State Forests of the Pilliga sign.

Toxic tales from the Pilliga

‘It is busy with trees, with animals and with men. It is lonely and beautiful. It is a million wild acres. And there is no other forest like it.’

- Eric Rolls, A Million Wild Acres.

The Pilliga is a beaten-up burnt-out forest where the creeks flow underground and the trees grow barely as wide as a child’s arm. Its grasses have been eaten and its soils pulverised, its timber ringbarked and wood-chipped. It is criss-crossed with fire breaks and narrow old logging roads. Wild boars tear out from its sandy watercourses and wind whips dust into your eyes here.

And yet there are a bunch of people lining up to get arrested – to turn their lives upside down – for this ‘scrub’.

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tipper small scale

The Strange Case of Professor Tipper: cyclist extraordinaire

In what must surely rate as one of the most bizarre career choices in Australian history, Alfred Henry Tipper, a 6 ft 2 inches tall Victorian man, decided to start making his own range of tiny bicycles and tour the globe. The National Museum recently acquired a postcard depicting the intriguing Mr Tipper, in 1919, showing off one of his-10 inch bicycles and his ability to ride while carrying two children. We are now on the lookout for one of his bikes!

So, who was he?

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Airmail bag

‘Par avion’ – French for ‘by airmail’

While visiting Australia during 1914, French aviator Maurice Guillaux flew his Bleriot monoplane to deliver Australia’s first official airmail, flying from Melbourne to Sydney on 16-18 July. Over this coming weekend, the The Aviation Historical Society of NSW, with the assistance of Australia Post, will lead the centenary celebrations for this significant event, through a re-enactment flight by Owen Zupp in his Jabiru and accompanying aviators and aircraft. Although the idea of carrying mail by aircraft these days seems very ordinary, in 1914 Guillaux’s flight was an exciting and inspiring moment for many Australians.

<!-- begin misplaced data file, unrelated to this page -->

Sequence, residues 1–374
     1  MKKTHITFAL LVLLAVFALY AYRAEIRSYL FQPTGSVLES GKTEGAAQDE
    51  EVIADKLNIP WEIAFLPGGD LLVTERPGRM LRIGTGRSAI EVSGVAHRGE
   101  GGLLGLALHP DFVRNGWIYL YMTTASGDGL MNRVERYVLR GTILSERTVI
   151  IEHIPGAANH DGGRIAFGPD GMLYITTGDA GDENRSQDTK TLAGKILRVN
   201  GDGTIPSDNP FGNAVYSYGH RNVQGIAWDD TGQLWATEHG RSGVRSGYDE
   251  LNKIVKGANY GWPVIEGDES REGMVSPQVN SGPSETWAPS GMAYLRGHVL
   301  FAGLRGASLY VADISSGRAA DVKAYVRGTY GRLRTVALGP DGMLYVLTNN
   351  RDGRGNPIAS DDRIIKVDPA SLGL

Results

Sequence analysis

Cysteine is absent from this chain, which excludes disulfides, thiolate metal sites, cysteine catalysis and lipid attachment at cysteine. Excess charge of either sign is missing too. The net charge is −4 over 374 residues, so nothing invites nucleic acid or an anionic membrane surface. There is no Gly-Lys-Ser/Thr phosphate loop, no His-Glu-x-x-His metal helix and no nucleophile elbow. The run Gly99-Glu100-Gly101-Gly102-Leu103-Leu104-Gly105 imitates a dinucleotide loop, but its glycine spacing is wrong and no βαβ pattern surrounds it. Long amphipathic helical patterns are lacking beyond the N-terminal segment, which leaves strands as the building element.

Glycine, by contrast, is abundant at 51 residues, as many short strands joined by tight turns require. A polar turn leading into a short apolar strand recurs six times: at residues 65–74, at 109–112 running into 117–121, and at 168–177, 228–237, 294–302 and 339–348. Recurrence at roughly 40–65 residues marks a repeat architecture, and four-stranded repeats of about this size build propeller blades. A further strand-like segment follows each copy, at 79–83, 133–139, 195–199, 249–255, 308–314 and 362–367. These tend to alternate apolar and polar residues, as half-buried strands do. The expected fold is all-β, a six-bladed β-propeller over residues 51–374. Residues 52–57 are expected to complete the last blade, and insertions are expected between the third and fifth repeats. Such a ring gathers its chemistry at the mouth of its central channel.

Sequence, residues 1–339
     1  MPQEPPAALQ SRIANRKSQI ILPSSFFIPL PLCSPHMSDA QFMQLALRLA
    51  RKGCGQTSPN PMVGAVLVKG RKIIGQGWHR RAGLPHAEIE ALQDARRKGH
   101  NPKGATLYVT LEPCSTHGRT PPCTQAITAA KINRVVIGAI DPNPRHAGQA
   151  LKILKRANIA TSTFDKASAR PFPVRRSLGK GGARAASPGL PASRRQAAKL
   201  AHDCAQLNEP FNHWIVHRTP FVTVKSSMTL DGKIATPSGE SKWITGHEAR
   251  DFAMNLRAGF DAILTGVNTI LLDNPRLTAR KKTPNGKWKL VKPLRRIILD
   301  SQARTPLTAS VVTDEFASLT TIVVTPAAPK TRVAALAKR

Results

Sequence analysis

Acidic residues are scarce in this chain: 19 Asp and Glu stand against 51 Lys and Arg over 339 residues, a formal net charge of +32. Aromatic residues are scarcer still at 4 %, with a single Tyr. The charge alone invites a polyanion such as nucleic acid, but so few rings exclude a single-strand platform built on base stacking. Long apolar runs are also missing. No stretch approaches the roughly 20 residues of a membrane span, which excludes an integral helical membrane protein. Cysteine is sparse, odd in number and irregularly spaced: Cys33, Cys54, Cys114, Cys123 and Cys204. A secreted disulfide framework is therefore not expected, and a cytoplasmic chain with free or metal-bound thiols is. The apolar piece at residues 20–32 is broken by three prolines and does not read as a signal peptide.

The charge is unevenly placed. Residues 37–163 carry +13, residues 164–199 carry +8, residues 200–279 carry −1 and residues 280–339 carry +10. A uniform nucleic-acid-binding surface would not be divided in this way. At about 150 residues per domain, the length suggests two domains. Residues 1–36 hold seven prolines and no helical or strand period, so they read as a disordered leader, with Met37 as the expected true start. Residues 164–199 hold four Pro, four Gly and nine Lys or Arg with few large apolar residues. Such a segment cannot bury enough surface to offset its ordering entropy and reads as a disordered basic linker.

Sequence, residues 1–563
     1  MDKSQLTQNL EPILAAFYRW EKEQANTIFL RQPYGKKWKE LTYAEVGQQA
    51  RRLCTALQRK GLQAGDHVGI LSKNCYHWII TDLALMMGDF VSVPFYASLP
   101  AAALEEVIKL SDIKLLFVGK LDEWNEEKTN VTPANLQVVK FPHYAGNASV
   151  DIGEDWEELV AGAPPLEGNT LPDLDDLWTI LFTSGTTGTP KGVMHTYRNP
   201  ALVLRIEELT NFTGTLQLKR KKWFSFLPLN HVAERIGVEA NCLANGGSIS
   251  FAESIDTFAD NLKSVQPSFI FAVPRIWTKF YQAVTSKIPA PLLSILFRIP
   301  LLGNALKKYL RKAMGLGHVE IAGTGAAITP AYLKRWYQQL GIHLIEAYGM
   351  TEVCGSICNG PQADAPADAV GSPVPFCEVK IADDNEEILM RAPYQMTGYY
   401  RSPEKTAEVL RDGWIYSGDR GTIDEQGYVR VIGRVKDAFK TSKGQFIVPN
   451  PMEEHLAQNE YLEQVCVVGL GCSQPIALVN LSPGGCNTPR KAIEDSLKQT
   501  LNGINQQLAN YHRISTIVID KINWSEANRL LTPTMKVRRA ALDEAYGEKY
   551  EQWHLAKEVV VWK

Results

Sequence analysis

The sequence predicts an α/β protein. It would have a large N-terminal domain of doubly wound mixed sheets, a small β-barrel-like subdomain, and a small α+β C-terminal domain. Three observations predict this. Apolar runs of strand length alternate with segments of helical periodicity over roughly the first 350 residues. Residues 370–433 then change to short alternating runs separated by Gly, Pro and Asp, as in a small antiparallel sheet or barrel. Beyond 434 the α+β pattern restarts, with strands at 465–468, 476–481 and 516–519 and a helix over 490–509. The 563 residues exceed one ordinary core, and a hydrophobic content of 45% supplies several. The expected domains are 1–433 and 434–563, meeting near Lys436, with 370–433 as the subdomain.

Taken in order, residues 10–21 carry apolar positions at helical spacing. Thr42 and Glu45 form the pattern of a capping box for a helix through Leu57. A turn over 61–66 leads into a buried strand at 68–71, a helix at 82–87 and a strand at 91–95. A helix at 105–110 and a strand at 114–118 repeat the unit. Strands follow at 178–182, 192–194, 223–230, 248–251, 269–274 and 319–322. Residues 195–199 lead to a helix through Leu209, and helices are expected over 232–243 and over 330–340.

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Head of a horse-shaped children's tricycle

A horse tricycle and SO much more…!

The Museum recently acquired a single family’s impressive collection of nearly 350 toys and we are marking the arrival with the display of one of the most beautiful pieces in its number – a 1920s horse tricycle. The trike, like the rest of the toys in the Susan and Andrew Gibson collection, belonged to a single generation of children in whose memory the collection was donated and named – the enviable sibling duo, Susan and Andrew Gibson. Continue reading

indian farmers_cropped

Science & suburbs: new stories about food

We’ve uploaded some fascinating new pages onto the Museum’s Food Stories website. The pages feature a stump-jump plough, and reveal its close ties to Majura Primary School, our Food Stories partner school in the ACT.

Majura Primary School students live in houses built upon paddocks and scientific plots formerly managed by the Commonwealth Scientific and Industrial Research Organisation (CSIRO), which operated the Dickson Experiment Station on the lower slopes of Mount Majura between 1940 and 1962.

Much to the annoyance of CSIRO research scientists working at the Station, the rapid expansion of suburban Canberra after World War Two eventually forced the transfer of their activities to a site near the western boundary of the ACT. By 1965, the patchwork Continue reading

golden crust bakery detail

The Golden Crust Bread Company

When Museum Friend John Thwaite read about the Horses in Australia project in our ‘The Museum’ magazine he thought we might be interested in a 1938 photograph of the delivery teams at his family’s bakery, the Goulburn Crust Bread Company. John recently had this treasured photograph restored and digitally copied, and in this guest post shares its story.

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